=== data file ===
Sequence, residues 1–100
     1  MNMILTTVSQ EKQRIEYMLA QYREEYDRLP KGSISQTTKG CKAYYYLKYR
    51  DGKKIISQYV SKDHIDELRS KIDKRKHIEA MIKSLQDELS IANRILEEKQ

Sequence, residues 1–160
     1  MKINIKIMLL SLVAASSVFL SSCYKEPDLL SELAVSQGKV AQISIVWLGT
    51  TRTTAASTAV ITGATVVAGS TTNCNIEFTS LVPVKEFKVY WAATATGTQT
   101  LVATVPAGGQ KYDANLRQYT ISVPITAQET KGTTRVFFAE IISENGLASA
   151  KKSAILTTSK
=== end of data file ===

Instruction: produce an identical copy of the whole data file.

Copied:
Sequence, residues 1–100
     1  MNMILTTVSQ EKQRIEYMLA QYREEYDRLP KGSISQTTKG CKAYYYLKYR
    51  DGKKIISQYV SKDHIDELRS KIDKRKHIEA MIKSLQDELS IANRILEEKQ

Sequence, residues 1–160
     1  MKINIKIMLL SLVAASSVFL SSCYKEPDLL SELAVSQGKV AQISIVWLGT
    51  TRTTAASTAV ITGATVVAGS TTNCNIEFTS LVPVKEFKVY WAATATGTQT
   101  LVATVPAGGQ KYDANLRQYT ISVPITAQET KGTTRVFFAE IISENGLASA
   151  KKSAILTTSK